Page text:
OSU’s cheerleading team also saw a overhaul of its coaching staff in 2013 after a university investigation found “sufficient evidence” that two assistant coaches had violated the university’s sexual harassment policy. The related investigation later led to head coach Lenee Buchman being fired.

Meanwhile, a second investigation into the marching band, led by former Ohio Attorney General Betty Montgomery, is currently under way, and the Board of Trustees continues to label the university’s Title IX compliance as a “high risk,” according to its agenda.

In OCR’s report, it agreed with the university that a “sexually hostile environment” within the band violated Title IX.

Waters’ attorney, David Axelrod, however, insists Waters’ termination was an attempt by the university to appease the department, given its investigation into OSU.

“The university’s motive was to appease the Department of Education and get it to end its investigation suit. I think that was the point,” he said Thursday. “They made Jonathan a convenient scapegoat to avoid further investigation.”

Since his termination, Waters has vehemently defended his leadership of the band, and has received an outpouring of support from band alumni. His firing was also protested at the first Board of Trustees meeting of the year, which led Board Chair Jeffrey Wadsworth to give a brief forum to a representative of TBDBITL Alumni Club.

Waters is set to perform with the alumni band during the OSU football game against Kent State on Saturday.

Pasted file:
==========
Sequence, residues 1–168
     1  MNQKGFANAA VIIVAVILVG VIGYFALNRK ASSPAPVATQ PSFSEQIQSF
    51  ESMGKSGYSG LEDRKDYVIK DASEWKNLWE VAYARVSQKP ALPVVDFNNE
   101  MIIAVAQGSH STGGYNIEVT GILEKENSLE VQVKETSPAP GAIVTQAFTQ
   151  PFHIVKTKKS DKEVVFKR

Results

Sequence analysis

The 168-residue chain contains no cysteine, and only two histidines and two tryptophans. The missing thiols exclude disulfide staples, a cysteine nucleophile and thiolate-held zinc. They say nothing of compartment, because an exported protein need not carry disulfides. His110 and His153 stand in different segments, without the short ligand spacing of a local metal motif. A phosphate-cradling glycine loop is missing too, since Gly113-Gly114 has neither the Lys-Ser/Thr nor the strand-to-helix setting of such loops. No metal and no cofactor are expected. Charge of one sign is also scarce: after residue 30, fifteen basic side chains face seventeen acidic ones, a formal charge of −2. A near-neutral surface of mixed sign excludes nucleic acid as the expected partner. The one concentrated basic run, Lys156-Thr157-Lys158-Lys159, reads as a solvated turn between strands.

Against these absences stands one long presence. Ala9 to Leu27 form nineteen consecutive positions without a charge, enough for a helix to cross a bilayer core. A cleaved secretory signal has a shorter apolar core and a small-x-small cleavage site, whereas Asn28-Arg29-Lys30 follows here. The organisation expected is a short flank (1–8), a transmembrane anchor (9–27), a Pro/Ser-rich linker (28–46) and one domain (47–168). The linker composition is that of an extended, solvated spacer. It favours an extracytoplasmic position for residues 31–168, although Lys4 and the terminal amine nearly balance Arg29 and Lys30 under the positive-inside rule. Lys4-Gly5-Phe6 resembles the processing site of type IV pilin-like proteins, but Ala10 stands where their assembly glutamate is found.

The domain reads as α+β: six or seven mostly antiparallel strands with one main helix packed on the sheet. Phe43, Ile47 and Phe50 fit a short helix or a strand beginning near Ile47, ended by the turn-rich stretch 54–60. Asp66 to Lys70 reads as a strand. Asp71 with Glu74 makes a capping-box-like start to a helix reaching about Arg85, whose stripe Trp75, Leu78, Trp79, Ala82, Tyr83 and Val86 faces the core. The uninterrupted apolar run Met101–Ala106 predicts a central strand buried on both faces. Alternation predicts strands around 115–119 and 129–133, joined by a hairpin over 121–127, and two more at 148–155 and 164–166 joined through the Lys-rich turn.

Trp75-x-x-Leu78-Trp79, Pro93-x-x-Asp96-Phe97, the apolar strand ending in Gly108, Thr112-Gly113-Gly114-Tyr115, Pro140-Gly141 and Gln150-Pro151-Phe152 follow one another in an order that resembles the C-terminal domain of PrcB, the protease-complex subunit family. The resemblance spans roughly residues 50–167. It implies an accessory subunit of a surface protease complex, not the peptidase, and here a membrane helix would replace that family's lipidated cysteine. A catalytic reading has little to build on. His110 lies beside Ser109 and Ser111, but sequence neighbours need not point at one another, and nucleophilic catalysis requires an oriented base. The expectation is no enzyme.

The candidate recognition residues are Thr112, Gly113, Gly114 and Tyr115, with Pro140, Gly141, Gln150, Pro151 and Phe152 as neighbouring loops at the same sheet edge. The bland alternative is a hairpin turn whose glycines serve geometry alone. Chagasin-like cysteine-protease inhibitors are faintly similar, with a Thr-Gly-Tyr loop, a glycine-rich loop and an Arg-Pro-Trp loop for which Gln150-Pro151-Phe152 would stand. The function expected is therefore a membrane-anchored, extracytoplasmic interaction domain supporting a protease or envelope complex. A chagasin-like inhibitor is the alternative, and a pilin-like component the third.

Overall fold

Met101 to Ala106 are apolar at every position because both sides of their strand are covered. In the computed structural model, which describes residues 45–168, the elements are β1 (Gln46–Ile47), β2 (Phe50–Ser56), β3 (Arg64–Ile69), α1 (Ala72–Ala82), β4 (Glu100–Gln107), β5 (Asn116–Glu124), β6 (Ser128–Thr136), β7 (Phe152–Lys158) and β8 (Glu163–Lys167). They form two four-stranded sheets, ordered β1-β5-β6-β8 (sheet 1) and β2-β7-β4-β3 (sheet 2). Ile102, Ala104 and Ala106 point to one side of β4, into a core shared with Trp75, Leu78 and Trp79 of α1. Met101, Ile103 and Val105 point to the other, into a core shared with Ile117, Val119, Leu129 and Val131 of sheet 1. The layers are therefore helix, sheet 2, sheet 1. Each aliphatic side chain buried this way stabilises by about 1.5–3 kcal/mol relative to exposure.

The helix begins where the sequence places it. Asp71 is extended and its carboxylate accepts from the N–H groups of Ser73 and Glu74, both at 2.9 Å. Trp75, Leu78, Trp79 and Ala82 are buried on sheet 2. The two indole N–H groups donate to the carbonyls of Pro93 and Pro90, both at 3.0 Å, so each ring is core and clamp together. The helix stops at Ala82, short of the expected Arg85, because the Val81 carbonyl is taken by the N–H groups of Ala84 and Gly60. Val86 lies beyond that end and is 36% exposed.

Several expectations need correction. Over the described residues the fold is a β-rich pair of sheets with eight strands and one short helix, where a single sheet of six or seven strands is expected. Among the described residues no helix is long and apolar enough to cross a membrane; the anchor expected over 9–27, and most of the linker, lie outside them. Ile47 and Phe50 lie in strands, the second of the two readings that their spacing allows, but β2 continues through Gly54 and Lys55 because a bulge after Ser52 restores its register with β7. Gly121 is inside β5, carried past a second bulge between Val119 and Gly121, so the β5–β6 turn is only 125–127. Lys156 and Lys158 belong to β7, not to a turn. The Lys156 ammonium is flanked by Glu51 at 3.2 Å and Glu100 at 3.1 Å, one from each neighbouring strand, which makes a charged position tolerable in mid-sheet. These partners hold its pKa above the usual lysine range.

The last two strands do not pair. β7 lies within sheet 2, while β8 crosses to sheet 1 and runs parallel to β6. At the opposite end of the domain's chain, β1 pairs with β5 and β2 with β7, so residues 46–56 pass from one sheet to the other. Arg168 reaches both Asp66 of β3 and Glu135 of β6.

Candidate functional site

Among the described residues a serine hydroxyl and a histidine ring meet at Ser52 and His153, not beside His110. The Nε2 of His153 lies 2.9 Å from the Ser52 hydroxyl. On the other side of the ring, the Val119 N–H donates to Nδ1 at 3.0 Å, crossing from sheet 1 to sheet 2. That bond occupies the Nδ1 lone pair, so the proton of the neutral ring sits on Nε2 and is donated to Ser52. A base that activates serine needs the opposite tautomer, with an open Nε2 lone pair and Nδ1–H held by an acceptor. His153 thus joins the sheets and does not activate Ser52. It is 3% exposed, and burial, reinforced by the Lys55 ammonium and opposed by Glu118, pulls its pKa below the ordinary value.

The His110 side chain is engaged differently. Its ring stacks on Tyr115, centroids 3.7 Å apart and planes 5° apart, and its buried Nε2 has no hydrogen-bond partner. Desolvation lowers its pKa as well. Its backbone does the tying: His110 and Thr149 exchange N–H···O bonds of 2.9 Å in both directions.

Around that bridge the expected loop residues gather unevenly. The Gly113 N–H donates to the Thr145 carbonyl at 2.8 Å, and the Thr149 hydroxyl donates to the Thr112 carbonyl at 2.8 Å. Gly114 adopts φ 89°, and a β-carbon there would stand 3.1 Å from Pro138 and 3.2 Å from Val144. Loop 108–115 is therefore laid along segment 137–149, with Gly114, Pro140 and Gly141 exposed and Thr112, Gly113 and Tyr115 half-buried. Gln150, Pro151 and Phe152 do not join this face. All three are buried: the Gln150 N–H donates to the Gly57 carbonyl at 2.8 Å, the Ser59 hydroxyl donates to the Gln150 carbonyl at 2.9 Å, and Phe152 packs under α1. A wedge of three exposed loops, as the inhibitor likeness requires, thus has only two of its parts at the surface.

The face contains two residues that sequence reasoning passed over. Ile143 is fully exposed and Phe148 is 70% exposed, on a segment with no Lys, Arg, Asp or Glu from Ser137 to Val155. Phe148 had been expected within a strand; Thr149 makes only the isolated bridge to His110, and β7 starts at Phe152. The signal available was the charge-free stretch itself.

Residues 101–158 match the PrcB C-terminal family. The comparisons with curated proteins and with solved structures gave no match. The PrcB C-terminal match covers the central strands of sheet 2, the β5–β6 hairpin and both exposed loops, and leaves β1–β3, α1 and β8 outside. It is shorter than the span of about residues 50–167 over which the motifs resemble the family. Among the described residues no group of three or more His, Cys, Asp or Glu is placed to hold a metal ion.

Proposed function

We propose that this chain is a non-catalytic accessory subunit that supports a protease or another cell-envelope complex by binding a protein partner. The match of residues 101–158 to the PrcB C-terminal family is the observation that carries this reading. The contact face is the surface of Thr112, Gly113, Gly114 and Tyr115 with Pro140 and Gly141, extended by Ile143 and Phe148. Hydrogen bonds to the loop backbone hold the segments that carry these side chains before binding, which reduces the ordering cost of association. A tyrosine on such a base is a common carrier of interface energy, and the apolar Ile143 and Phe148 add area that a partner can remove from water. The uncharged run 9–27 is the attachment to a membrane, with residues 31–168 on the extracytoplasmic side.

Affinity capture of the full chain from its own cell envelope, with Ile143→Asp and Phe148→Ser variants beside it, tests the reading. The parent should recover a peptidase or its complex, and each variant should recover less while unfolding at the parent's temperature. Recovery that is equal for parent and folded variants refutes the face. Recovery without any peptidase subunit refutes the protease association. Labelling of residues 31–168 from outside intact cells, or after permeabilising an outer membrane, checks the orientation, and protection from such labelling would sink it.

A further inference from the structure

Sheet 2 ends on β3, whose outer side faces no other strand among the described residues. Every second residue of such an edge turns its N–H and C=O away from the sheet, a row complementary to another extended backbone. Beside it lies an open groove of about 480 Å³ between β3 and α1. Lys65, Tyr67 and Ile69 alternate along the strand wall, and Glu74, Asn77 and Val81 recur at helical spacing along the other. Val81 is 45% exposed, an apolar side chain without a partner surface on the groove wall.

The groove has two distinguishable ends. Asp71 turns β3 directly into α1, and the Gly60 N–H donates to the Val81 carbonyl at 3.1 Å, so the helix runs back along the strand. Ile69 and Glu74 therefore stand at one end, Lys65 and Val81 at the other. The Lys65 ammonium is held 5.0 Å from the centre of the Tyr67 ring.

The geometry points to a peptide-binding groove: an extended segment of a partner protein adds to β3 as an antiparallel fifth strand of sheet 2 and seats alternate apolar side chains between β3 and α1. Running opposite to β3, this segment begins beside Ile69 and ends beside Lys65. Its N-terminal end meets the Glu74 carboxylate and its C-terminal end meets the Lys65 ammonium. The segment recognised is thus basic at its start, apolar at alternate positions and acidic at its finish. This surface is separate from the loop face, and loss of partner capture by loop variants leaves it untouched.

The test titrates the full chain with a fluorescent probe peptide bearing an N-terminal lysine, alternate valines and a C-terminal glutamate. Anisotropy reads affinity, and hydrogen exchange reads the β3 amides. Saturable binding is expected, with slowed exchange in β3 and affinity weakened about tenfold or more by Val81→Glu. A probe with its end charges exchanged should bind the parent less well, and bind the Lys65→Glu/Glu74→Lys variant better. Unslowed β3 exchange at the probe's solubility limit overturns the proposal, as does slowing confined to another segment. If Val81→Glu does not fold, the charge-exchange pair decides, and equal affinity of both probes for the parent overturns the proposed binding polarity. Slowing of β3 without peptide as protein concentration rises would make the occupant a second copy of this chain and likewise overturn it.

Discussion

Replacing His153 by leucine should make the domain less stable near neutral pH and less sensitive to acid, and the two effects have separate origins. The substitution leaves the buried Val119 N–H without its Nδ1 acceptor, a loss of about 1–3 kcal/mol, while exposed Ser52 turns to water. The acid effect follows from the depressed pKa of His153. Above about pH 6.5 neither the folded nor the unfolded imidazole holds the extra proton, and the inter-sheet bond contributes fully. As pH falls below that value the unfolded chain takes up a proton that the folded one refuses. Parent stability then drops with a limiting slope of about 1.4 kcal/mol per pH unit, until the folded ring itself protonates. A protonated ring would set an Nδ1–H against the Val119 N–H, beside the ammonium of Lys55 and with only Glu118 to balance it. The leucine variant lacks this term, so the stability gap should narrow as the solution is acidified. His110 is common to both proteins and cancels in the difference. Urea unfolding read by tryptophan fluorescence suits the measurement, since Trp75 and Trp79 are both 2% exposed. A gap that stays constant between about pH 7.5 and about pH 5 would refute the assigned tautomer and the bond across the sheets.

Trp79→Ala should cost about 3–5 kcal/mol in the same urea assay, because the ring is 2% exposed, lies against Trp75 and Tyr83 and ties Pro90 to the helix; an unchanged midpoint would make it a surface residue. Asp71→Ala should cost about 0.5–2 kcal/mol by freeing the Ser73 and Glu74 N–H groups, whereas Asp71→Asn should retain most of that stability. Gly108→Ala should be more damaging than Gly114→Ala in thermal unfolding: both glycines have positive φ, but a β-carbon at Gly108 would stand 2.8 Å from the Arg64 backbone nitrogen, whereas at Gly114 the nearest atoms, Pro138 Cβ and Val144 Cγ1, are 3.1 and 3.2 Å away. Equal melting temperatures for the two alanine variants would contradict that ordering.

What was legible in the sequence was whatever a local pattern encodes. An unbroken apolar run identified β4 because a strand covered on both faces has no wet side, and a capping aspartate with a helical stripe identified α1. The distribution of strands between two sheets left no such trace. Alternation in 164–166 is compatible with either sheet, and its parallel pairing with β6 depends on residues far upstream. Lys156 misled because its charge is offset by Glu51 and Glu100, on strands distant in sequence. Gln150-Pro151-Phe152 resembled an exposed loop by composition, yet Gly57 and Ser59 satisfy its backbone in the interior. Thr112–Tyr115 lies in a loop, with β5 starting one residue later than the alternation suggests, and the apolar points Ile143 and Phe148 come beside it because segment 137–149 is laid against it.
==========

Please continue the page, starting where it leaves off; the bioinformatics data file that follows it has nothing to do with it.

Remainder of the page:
1. Where did the OCR report show praise for OSU’s band investigation? I only read an acknowledgement.

  2. LEM, exactly, the OCR report did not evaluate OSU’s Band “investigation”, nor the Glaros Reprt. It simply acknowledged that it had taken place, however dishonest it was.

  3. Why is the Compliance Office taking credit for creating the sexual violence consultation team? It was around long before the OCR investigation.

  4. Yeah, sure..........

    I would love for the OCR to read the band alumni report, which at 103 pages is FOUR time the length of the Glaros report and includes cites, witnesses and facts. Basically what the OCR has said to the other 54 colleges under investigation is that if you make someone prominent a scapegoat and fire them, that’s good enough for us and we will end our investigation. Even though the OCR report found that most of the records they got from OSU were illegible and they could not tell if they were even followed up on.

    OSU Title IX people going into the bandroom and telling all the students there that they are perverts is NOT the way to end sexual harassment and certainly has nothing to do with how the university has handled complaints about sexual assaults. There were two incidents related to the band from 2012-2014 and they were both handled properly. How many incidents were there in the university as a WHOLE during that same time and how were they handled?